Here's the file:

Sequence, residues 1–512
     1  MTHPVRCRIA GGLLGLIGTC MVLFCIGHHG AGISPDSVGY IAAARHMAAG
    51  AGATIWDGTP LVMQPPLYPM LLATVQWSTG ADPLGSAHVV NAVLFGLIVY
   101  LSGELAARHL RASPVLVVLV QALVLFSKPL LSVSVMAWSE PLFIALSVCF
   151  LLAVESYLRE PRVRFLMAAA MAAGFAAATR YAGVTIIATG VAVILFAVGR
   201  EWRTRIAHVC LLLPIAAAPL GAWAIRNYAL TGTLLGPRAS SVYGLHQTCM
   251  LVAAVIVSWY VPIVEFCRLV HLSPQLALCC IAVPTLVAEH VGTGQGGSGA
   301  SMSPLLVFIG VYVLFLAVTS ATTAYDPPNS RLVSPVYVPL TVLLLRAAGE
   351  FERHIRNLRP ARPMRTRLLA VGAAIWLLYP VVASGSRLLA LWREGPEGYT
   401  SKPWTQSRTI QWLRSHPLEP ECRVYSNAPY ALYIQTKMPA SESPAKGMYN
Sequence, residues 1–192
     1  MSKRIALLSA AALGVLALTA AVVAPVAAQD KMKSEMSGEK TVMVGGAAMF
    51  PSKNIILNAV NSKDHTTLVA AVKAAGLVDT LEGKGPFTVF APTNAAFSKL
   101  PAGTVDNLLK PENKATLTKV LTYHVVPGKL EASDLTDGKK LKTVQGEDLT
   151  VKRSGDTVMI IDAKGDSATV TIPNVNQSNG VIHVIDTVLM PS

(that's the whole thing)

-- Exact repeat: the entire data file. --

Sequence, residues 1–512
     1  MTHPVRCRIA GGLLGLIGTC MVLFCIGHHG AGISPDSVGY IAAARHMAAG
    51  AGATIWDGTP LVMQPPLYPM LLATVQWSTG ADPLGSAHVV NAVLFGLIVY
   101  LSGELAARHL RASPVLVVLV QALVLFSKPL LSVSVMAWSE PLFIALSVCF
   151  LLAVESYLRE PRVRFLMAAA MAAGFAAATR YAGVTIIATG VAVILFAVGR
   201  EWRTRIAHVC LLLPIAAAPL GAWAIRNYAL TGTLLGPRAS SVYGLHQTCM
   251  LVAAVIVSWY VPIVEFCRLV HLSPQLALCC IAVPTLVAEH VGTGQGGSGA
   301  SMSPLLVFIG VYVLFLAVTS ATTAYDPPNS RLVSPVYVPL TVLLLRAAGE
   351  FERHIRNLRP ARPMRTRLLA VGAAIWLLYP VVASGSRLLA LWREGPEGYT
   401  SKPWTQSRTI QWLRSHPLEP ECRVYSNAPY ALYIQTKMPA SESPAKGMYN
Sequence, residues 1–192
     1  MSKRIALLSA AALGVLALTA AVVAPVAAQD KMKSEMSGEK TVMVGGAAMF
    51  PSKNIILNAV NSKDHTTLVA AVKAAGLVDT LEGKGPFTVF APTNAAFSKL
   101  PAGTVDNLLK PENKATLTKV LTYHVVPGKL EASDLTDGKK LKTVQGEDLT
   151  VKRSGDTVMI IDAKGDSATV TIPNVNQSNG VIHVIDTVLM PS